Mollie was an Osage woman married to a white man, Ernest Burkhart. Mollie’s large family owned multiple properties on the Osage reservation, and they were thriving off the profits generated from their mineral rights. But in 1918, Mollie’s sister Minnie died of a mysterious “wasting illness.” Just a few years later, her mother, Lizzie Q, died of a similar disease. In May 1921, Mollie’s sister, Anna, was found dead in a ravine with a bullet in the back of her head. Less than two years later, Mollie’s cousin Henry Roan was shot and killed. And in a particularly violent incident, Mollie’s third sister Rita and her brother-in-law Bill were killed when an explosion leveled their house.
Mollie and her family weren’t the only victims. Across the reservation, the Osage were dying mysterious and violent deaths that local authorities were too quick to declare accidents, suicides, or alcohol poisoning. But the Osage knew the truth. In 1925, they petitioned a new federal law enforcement agency, the Federal Bureau of Investigation, to look into these crimes. The Bureau’s director, J. Edgar Hoover, was eager to investigate.
FBI agents went undercover and embedded within the tribe and among settlers. As they began untangling the web of lies, death, and destruction, one name was at the center of it all: William Hale.
Hale was a local rancher, but he was also known by another moniker, “King of the Osage Hills.” Cunning, determined, and ruthless, Hale understood the potential profit he could reap by swindling the Osage out of their mineral rights. He also forged life insurance policies, taking one out on Mollie’s cousin, Henry Roan, for $25,000, of which he was the sole beneficiary. Two weeks later, Roan was dead. When his cons failed to produce the kind of money he was looking for, Hale turned to murder. But he didn’t work alone. One of his conspirators was another local, John Ramsey. The other was his nephew: Ernest Burkhart.
Suddenly, the pieces of the puzzle made sense. Under the guardianship program, Ernest had applied for and had been granted guardianship over Mollie. When members of her family began mysteriously dying, their mineral rights were transferred within the family. Soon, she was the only one left.
A Change of Heart
In 1926, Hale, Ramsey, and Burkhart were all indicted on charges of conspiracy and murder. At first, Ernest pleaded not guilty, but two months into his trial, he had a change of heart. With this change of plea came his story: Hale was the mastermind behind all the murders. Knowing to whom mineral rights would transfer upon a death in the family, Hale had carefully plotted the order in which Mollie’s family members were murdered. Once she had inherited all the mineral rights from the rest of her family, she would be murdered last so Ernest could reap the maximum reward.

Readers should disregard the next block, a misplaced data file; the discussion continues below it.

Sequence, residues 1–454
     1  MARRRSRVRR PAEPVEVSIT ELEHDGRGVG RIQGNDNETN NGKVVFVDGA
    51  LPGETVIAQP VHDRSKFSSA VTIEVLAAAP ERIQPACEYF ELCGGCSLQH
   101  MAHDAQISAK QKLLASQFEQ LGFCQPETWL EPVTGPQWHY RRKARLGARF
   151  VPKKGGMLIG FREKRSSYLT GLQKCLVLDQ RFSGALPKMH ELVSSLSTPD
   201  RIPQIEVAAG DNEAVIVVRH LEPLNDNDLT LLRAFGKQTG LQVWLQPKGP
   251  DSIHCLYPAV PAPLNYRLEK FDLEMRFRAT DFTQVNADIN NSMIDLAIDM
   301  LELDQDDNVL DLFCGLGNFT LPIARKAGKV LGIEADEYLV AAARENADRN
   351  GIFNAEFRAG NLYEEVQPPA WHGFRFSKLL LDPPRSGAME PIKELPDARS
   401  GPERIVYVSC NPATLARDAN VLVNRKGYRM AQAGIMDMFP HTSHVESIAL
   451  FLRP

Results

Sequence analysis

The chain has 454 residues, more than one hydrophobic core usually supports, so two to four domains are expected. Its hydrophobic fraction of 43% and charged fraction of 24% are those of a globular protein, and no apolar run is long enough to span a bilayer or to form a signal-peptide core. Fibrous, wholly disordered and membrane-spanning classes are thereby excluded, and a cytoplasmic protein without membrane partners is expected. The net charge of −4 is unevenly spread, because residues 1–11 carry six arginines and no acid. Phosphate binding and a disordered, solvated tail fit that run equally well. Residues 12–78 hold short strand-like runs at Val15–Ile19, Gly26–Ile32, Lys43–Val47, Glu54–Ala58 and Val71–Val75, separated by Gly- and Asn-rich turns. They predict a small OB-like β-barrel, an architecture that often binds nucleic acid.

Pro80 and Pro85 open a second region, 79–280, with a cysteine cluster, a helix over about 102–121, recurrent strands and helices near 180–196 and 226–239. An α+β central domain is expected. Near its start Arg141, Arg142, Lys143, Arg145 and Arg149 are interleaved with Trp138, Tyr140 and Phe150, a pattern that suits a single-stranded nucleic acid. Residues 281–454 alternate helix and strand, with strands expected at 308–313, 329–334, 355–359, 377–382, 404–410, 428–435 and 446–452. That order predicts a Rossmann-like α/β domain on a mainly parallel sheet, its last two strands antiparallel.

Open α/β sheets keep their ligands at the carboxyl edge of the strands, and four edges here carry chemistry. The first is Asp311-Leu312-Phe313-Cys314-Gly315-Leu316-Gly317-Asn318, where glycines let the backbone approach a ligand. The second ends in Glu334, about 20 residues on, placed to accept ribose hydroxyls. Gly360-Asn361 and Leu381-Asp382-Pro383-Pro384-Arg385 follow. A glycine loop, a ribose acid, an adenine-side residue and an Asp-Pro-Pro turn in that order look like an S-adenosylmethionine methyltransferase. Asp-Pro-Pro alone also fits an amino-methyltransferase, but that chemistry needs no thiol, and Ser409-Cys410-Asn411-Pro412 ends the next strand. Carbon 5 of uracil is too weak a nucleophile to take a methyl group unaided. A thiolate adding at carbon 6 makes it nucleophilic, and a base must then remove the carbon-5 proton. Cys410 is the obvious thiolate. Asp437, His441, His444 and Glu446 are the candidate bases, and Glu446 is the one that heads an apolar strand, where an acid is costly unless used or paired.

During Ernest’s trial, it was revealed that Mollie’s attempted murder was already in progress when doctors found poison in her bloodstream. Fortunately, she made a full recovery.
Hale and his coconspirators were eventually convicted of the murders of Mollie’s family. But more than 60 deaths had occurred on the reservation over the seven-year period the Osage called the “Reign of Terror.” Many of these murders still remain unsolved.
Uncovering the Story
Before the debut of the blockbuster movie starring Leonardo DiCaprio, Robert DeNiro, and Lily Gladstone, this dark chapter of our history remained relatively unknown. So how do these little-known stories get uncovered? For author David Grann, it started with a visit to the Osage Nation museum in Pawhuska, Oklahoma, in 2012. On one of the walls was a beautiful panoramic photo of members of the Osage nation alongside white settlers. But one of the panels had quite obviously been cut out. When Grann asked the museum curator why, she said, “The devil was standing right there.”
The devil was William Hale. But Grann didn’t want to center his book on the person who caused so much destruction. Instead, he chose Mollie, the sole survivor of her family and a person who worked tirelessly to seek justice. “At great peril to her own life, she crusaded for justice. I didn’t think you could understand these events without her perspective,” said Grann.
To tell Mollie’s story, Grann began his research at the National Archives Museum in Fort Worth. Hearing of his compelling research, Archives staff worked to help David pull more than 3,000 documents relevant to the Osage, including:
- original accounts from Osage who lived through that time;
- records from private investigators who tried to both solve the crimes and cover them up;
- secret grand jury testimony; and
- records from J. Edgar Hoover, the FBI director who took on the case that made the Bureau what it is today.
Grann also conducted oral history interviews with descendants of the Osage who lived through the Reign of Terror.
According to Grann, “The museum director had removed the photograph of the killer not to forget what happened, but because the Osage can’t forget. And yet too many Americans, including myself, had either forgotten or never knew about this part of history….I think this episode is a further reminder that much of our history is scattered in archives, crying out to be told.”